a priest, a minister and a rabbi

i was talking with a few of "clergy" yesterday at our "monthly free breakfast and waist time talking about nothing" meeting of the area clergy; to be honest with you it felt like i was in the middle of a bad joke - "a priest, a minister and a rabbi were sitting at a free boring breakfast..." you get the drift :) anyway, soon our conversation turned to the idea of "the priesthood of all believers"

the united methodist ("the minister") - i'll bet you thought i was the minister right - nope, i was the dumb blonde in the second joke :) - anyway, he started to talk about the idea that his church believes all believers are "priests" - the catholic guy did not like that at all - as you can picture - and the rabbi did not care for it all either - but then neither did i - but not for the reasons of the other two, remember i was the dumb blonde from the second joke, but because i know that it's a lie - it is not what the church believes; well it is if you accept their limited definition of "priest." but in reality it is not what any, or all (i hate to place it as "all" but i think i am right on this) main-line/old-line churches that claim "the priesthood of all believers" truly do not mean it - let me share -

when a church speaks of a "priesthood of all believers" they speak in terms of the ability to go directly to God with prayers; an ability to serve the church in ministry (not "ordained" ministry - for them this is a big difference between a "ordained priest" and a "lay priest" - they see things in a dualism); an ability to do some, but not all, of the work of the church - for example. before i became this radical deconstructionalist independent minister i served (while at drew getting my mdiv) in the united methodist church (one that claims "the priesthood of all believers) - because i was a "student-minister" i was only allowed to serve communion to those people in the local church - they had to be members. a member of the church i was serving had a friend who was dyeing, and her friend wanted communion - keep in mind my friend was a "lay leader" in the church i served - she asked if she could serve communion and anoint her friend with oil - well, being new to the united methodist church and taking them at their word - i said, sure go for it. well, you would have thought i called for free tickets to the passion - i was not a popular boy in the group - it seems that it is actually a "limited priesthood of all believers" and some things need to be only done by "ordained" people -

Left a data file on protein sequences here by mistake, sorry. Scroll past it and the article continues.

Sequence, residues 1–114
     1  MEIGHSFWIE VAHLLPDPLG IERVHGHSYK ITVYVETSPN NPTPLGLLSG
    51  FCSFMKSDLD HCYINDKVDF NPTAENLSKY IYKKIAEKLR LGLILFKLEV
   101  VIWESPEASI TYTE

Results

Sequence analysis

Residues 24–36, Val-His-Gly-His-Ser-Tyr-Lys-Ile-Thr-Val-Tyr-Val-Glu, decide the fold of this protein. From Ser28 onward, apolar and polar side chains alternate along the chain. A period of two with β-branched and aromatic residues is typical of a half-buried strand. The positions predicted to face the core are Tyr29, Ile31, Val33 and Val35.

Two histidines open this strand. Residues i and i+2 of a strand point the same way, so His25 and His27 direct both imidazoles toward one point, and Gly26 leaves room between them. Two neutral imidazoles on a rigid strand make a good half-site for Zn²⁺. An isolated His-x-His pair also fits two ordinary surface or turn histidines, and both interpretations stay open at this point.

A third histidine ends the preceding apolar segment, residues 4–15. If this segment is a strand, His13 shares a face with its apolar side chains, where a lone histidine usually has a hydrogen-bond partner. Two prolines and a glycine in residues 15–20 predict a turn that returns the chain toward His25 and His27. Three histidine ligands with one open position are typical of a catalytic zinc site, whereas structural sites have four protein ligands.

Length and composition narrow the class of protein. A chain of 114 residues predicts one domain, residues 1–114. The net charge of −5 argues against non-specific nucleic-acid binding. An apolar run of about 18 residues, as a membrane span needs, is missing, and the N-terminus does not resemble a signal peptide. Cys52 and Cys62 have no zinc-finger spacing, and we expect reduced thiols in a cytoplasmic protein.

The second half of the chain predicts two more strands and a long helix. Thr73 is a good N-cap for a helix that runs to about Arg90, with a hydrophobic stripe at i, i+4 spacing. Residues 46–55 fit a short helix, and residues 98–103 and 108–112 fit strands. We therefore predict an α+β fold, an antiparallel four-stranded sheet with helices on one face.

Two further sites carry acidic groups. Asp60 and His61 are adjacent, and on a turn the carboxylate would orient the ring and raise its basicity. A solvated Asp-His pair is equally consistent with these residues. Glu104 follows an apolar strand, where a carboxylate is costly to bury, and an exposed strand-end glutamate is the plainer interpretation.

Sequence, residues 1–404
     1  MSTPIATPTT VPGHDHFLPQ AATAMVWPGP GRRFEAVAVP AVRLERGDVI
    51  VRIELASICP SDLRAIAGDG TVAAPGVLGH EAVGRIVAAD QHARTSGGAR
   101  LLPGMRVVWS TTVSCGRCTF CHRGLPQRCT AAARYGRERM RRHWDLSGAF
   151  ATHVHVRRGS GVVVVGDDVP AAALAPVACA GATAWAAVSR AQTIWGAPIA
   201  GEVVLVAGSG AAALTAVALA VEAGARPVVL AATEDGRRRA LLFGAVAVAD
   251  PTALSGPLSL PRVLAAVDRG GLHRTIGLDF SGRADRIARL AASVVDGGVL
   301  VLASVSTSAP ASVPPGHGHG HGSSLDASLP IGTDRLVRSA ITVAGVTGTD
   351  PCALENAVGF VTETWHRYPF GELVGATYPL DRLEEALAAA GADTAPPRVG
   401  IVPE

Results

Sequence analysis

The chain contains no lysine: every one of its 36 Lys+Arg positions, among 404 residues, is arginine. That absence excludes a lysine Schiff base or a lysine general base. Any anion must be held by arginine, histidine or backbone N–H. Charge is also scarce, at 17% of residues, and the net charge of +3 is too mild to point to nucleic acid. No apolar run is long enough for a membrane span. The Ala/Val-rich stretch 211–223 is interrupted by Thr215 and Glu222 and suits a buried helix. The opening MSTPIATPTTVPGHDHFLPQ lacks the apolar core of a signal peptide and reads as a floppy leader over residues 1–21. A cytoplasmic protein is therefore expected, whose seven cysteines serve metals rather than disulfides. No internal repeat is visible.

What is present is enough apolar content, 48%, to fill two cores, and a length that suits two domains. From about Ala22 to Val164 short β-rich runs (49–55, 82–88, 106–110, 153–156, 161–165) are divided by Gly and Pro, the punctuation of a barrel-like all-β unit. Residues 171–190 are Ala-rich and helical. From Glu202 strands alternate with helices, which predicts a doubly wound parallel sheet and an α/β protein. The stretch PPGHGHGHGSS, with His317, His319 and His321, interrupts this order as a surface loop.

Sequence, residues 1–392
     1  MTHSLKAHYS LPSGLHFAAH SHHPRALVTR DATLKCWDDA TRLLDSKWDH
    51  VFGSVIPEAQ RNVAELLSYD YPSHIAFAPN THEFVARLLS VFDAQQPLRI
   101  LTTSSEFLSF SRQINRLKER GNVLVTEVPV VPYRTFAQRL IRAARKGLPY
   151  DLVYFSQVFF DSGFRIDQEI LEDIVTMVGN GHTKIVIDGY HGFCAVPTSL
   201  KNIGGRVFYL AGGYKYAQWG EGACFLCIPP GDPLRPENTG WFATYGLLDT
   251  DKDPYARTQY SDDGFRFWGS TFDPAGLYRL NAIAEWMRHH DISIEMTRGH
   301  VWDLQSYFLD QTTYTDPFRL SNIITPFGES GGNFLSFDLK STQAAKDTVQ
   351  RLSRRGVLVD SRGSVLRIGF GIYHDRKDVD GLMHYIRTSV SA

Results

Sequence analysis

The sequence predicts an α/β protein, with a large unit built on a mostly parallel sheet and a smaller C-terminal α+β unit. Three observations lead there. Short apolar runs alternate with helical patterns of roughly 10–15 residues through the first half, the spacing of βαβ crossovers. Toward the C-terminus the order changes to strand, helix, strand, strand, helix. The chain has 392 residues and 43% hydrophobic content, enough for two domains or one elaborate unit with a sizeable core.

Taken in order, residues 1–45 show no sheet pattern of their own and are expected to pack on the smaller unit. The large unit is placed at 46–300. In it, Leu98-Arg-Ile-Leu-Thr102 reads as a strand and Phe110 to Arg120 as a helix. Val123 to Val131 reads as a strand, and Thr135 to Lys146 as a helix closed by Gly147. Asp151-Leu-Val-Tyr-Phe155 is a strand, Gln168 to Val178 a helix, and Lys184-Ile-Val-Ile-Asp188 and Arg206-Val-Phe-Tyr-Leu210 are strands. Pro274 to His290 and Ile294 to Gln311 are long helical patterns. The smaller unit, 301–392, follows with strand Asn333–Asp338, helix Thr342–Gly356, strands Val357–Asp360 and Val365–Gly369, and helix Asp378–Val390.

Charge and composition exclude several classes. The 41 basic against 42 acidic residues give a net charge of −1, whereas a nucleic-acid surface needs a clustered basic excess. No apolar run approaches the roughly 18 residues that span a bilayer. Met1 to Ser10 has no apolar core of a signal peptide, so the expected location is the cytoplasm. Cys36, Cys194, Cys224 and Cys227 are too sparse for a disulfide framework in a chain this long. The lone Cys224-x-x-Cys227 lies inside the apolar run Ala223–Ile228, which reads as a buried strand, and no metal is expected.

one of the "bosses" said, "if we have people giving communion as they see fit, to whoever they desire, we will have people all over the community giving communion without our approval" - my vocal thought was, "duh, now you get it" (ok, i did not make points with him). you see, not being "raised" in the church and not having a "church theology background" i only knew what i read in scripture and nowhere in scripture did it call for a "priest" or other special person to do anything we do not - my reading of scripture shows that God wants all His people connected - and not under the control of a "special class."

what about it? i firmly believe in the priesthood of all believers - there is nothing i do that others can not - the ownership of the church has been passed - from "the ministers" to "all" - the fear i have found from many ministers, priests and rabbis is that they will not have a "job" if the theology is carried out to it's natural end - but that i do not think is the case - the position of "priest, minister and rabbi" will just change to one that guides the people, helps the people and supports the people - kinda like what jesus did :)

what do you think? how do you define "the priesthood of all believers" in a postmodern world - keeping in mind that we are not living in a "shifting paradigm" - we are living in a "paradigm shifted" - it is not that "change is coming" it is that "change is here" we now need to see it and run with it :)


Anonymous said...

There's a large church in Vancouver, WA (some might call it a megachurch) that gets it. Once a year, the pastor has an "ordination ceremony" where he "ordains" every believer. He tells them they all have the authority (in Christ, not in the church) to baptize, bless the sacraments, preach, whatever. He says they even have the authority to marry people if they get state licensure.

And he means it.


Anonymous said...

That is how I feel as well- and I grew up and now serve in the UM church. I am not ordained because of the whole "game" that is played in order to retain job security.